Research on Montessori
Montessori: The Science Behind The Genius
Current scientific research provides astounding support for Montessori's major insights. In her Book 'Montessori: the Science behind the Genius' Angeline Lillard presents the research concerning eight insights that are foundational to Montessori education and describes how each of these insights is applied in the Montessori classroom. This book gives parents and teachers alike a clear understanding of what happens in a Montessori classroom and, more importantly, why it happens and why it works.
You can also purchase the whole book from our online shop.
1. Montessori Education Provides Better Outcomes than Traditional Methods
A study comparing outcomes of children at a public inner-city Montessori school with children who attended traditional schools indicates that Montessori education leads to children with better social and academic skills.
2. Montessori and Optimal Experience Research: Toward Building a Comprehensive Education Reform
This article serves as a Montessori introduction to the Rathunde piece cited below. David Kahn explores the Montessori concept of normalisation, comparing it to Mihaly Csikszentmihaly's ‘flow’ construct.
3. A Comparison of Montessori and Traditional Middle Schools: Motivation, Quality of Experience and Social Context
With the help of co-investigator Mihaly Csikszentmihalyi, Dr. Rathunde compared the experiences and perceptions of middle school students in Montessori and traditional schools using the Experience Sampling Method (ESM). Montessori students reported a significantly better quality of experience in their academic work than did traditional students. In addition, Montessori students perceived their schools as a more positive community for learning, with more opportunities for active, rather than passive, learning.
4. Montessori Education and Optimal Experience: A Framework for New Research
This article provides the theoretical and conceptual foundation for ‘A Comparison of Montessori and Traditional Middle Schools’. It is the result of a research commission from NAMTA, under the supervision of NAMTA's Director of Research, Annette M. Haines. Working from a perspective outside the Montessori community, Dr. Rathunde puts Montessori’s rich understanding of the prepared environment and children’s concentration in tandem with contemporary thought in both education and developmental psychology.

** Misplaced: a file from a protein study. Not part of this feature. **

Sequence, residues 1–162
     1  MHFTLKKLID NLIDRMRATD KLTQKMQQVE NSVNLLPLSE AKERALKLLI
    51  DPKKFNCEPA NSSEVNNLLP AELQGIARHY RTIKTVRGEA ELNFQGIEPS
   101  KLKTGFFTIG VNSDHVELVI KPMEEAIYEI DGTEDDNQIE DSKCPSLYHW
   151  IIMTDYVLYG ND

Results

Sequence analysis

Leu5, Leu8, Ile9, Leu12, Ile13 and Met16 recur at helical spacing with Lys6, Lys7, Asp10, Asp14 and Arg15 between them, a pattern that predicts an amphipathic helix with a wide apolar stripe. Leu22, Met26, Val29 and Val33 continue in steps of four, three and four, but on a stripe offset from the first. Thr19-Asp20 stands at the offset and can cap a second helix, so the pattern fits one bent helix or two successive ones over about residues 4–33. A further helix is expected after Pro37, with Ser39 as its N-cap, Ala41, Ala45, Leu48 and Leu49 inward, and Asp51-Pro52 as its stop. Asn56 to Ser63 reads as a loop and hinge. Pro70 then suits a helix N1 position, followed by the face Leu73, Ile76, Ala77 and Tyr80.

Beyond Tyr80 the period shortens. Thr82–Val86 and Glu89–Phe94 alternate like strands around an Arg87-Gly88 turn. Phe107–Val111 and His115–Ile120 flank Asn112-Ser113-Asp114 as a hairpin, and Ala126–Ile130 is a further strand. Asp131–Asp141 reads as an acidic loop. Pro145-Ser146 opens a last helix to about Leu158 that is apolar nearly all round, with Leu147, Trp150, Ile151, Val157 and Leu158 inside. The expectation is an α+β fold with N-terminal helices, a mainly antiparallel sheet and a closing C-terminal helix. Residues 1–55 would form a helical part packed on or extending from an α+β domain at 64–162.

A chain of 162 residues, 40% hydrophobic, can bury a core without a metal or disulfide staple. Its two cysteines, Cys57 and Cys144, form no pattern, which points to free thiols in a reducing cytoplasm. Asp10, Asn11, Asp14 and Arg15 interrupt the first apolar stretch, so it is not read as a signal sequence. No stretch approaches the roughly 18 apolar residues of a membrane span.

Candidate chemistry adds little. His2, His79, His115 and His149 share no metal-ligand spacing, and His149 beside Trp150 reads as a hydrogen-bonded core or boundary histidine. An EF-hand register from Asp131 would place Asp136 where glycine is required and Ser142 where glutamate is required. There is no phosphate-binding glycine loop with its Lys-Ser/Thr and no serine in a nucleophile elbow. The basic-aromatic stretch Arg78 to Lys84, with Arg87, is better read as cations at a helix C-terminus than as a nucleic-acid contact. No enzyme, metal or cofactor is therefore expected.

5. Optimal Developmental Outcomes: The Social, Moral, Cognitive, and Emotional Dimensions of a Montessori Education
This series of articles (including a new introduction by Annette Haines, NAMTA's Director of Research) spells out optimal outcomes of Montessori education for the early childhood, elementary, and adolescent years. Haines states, ‘we find the possibility of an educational continuum that extends naturally along a developmental path from birth to adulthood. It is hoped that the delineation of this path within the three distinct developmental stages will enable educators to look at students and schools from a new perspective.’
6. Outcomes for Students in a Montessori Program: A Longitudinal Study of the Experience in the Milwaukee Public Schools
This study supports the hypothesis that Montessori education has a positive long-term impact. Additionally, it provides an affirmative answer to questions about whether Montessori students will be successful in traditional schools. A significant finding in this study is the association between a Montessori education and superior performance on the Maths and Science scales of the ACT and WKCE. In essence, attending a Montessori program from the approximate ages of three to eleven predicts significantly higher mathematics and science standardised test scores in high school.